Observing a Total Eclipse of the Sun
Today, George Moromisato, author of 101 Amazing Sights in the Night Sky, helps us to observe a total eclipse of the sun.
Lunar eclipses happened regularly enough that ancient astronomers were able to work out how to predict them. But total eclipses of the sun, which happen at a given spot only a few times per millennium, were impossible to predict with any accuracy. Imagine, then, how awesome and scary it must have been for our ancestors to see the life-giving sun swallowed up completely without warning. They must have watched anxiously as the skies darkened, perhaps wondering whether the sun would disappear forever. Within minutes, however, the light and warmth of the sun reappeared and everything would go back to normal—at least for a few more centuries.
Today, of course, we know that the sun is eclipsed when the moon happens to pass in front of it. We can enjoy it as one of nature’s greatest spectacles. But it’s only the coincidental size and distance of the moon that make total eclipses possible. If the moon were smaller or farther out, it wouldn’t be able to cover the sun completely. In fact, the moon is slowly drifting farther away from Earth.
In a billion years or so, the moon will appear small enough that it won’t fully eclipse the sun. The age of total eclipses will be over, so be sure to see a total eclipse of the sun before then.
What to Expect?
Seeing a total eclipse of the sun is a once-in-a-lifetime experience. Beyond the rarity of the phenomenon, the visceral feeling of watching the sun disappear and being plunged into darkness will make this an unforgettable event.
For North American observers, the best chance to see a total eclipse will come on August 21, 2017, when dozens of U.S. states will witness totality. If you miss that chance, you’ll have to wait until 2024, when the moon’s shadow will cross from northern Mexico up through the central U.S. and through Maine.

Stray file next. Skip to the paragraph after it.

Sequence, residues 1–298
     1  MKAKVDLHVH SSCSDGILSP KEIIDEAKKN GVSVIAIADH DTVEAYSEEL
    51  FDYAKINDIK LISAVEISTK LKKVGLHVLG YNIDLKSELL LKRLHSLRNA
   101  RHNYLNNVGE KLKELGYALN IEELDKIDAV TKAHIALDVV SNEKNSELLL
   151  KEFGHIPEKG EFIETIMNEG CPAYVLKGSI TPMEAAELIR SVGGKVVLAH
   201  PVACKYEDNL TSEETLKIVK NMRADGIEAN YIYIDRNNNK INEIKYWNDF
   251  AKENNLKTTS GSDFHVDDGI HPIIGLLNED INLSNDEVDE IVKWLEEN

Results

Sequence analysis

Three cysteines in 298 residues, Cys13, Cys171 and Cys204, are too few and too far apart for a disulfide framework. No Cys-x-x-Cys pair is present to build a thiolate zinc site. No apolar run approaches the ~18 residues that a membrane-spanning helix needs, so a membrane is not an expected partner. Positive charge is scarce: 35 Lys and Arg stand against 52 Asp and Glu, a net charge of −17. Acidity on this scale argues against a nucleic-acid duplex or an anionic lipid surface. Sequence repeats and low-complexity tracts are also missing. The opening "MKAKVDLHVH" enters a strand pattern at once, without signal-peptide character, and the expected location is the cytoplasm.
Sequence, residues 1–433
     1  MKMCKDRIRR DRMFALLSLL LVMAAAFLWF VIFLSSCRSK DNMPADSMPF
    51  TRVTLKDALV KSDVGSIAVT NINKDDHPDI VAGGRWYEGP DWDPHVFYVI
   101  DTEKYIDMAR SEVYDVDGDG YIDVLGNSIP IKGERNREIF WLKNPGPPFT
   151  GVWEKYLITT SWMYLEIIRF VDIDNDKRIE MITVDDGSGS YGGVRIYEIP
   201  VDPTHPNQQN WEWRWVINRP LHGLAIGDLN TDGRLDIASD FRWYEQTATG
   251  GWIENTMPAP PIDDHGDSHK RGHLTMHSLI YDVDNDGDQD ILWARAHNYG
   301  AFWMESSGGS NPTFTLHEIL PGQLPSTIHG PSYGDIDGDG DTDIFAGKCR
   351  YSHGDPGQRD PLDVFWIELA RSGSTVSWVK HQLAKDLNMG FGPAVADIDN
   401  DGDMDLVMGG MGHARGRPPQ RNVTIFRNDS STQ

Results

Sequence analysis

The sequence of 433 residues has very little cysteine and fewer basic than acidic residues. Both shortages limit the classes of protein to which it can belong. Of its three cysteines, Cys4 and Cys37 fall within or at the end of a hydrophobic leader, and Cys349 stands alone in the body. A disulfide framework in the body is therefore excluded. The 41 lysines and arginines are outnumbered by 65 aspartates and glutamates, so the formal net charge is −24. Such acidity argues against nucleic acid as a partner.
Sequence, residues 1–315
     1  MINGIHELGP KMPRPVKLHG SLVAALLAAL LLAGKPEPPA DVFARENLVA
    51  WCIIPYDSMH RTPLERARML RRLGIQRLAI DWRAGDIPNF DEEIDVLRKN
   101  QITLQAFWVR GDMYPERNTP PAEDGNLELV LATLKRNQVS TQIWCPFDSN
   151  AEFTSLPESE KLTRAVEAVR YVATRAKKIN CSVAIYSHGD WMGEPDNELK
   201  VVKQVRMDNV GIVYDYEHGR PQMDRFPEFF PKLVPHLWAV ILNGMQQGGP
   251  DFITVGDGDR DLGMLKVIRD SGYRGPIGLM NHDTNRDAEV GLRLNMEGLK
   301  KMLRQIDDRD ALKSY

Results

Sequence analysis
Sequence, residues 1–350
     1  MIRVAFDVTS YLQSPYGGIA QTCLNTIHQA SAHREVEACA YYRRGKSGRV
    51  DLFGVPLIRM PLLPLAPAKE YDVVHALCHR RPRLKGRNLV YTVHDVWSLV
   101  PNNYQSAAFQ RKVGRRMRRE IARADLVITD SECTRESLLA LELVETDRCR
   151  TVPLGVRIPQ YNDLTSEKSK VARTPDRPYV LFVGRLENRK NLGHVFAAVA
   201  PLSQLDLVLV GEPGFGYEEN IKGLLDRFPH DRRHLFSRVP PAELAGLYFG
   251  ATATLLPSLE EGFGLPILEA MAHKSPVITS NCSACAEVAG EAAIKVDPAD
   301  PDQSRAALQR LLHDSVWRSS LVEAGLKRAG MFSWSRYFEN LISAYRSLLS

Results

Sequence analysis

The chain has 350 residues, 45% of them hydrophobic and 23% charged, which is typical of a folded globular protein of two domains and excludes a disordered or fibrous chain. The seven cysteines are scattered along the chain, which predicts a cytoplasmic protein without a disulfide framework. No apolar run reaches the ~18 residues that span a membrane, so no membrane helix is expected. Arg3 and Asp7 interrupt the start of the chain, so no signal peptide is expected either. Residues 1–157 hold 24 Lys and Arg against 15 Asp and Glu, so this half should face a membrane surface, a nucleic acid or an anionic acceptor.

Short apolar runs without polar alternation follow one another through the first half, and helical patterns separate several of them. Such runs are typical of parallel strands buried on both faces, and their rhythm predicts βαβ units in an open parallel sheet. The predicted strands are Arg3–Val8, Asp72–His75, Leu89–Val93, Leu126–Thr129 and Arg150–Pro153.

Practice safe observing. The most important observing tip is to never look at the sun with unprotected eyes, even when the sun is partially eclipsed. And definitely do not look at it with binoculars or a telescope, as this will cause permanent eye damage. Sunglasses will not prevent this damage; if you want to view it directly, you’ll need specially made eclipse glasses, which are available for just a few dollars online. Many astronomy magazines also include such glasses in their issues when eclipses occur.
Project the sun’s image. You can use a small telescope, binoculars, or even a pinhole camera to project the sun’s image on to a white sheet of paper. This is a perfectly safe way to view the sun, and it allows multiple viewers to share the experience. Make sure you aim the instrument without looking through it. (See page 20 of 101 Amazing Sights of the Night Sky for instructions.)
Observe your surroundings. As the moon begins to eat at the sun, see if you can pinpoint when it starts getting dark. You’ll also feel the air get cooler and may even notice animals going into their nighttime routines.
Pay attention to the shadows cast by trees. You may notice hundreds of little crescent suns! The random arrangement of leaves sometimes creates little pinholes that project the sun’s image on the ground.
The Diamond Ring
Just as the moon is about to completely cover up the sun, you’ll see one last spot of bright light situated on a bright ring. This is known as the diamond ring, and it’s a great moment to photograph, assuming you have a safe setup.
The highlight of the eclipse will be your view of the corona. With the brightness of the sun’s disk obscured, you’ll be able to see the superheated gases of the sun’s corona streaming away at immense speeds. You’ll see a luminous dance of filaments and jets unlike anything you’ve ever seen.
Until recently, no photograph or video has been able to accurately depict this scene. Unlike our eyes, cameras have trouble capturing both the very bright and very dim features of the corona, so enjoy these precious few minutes.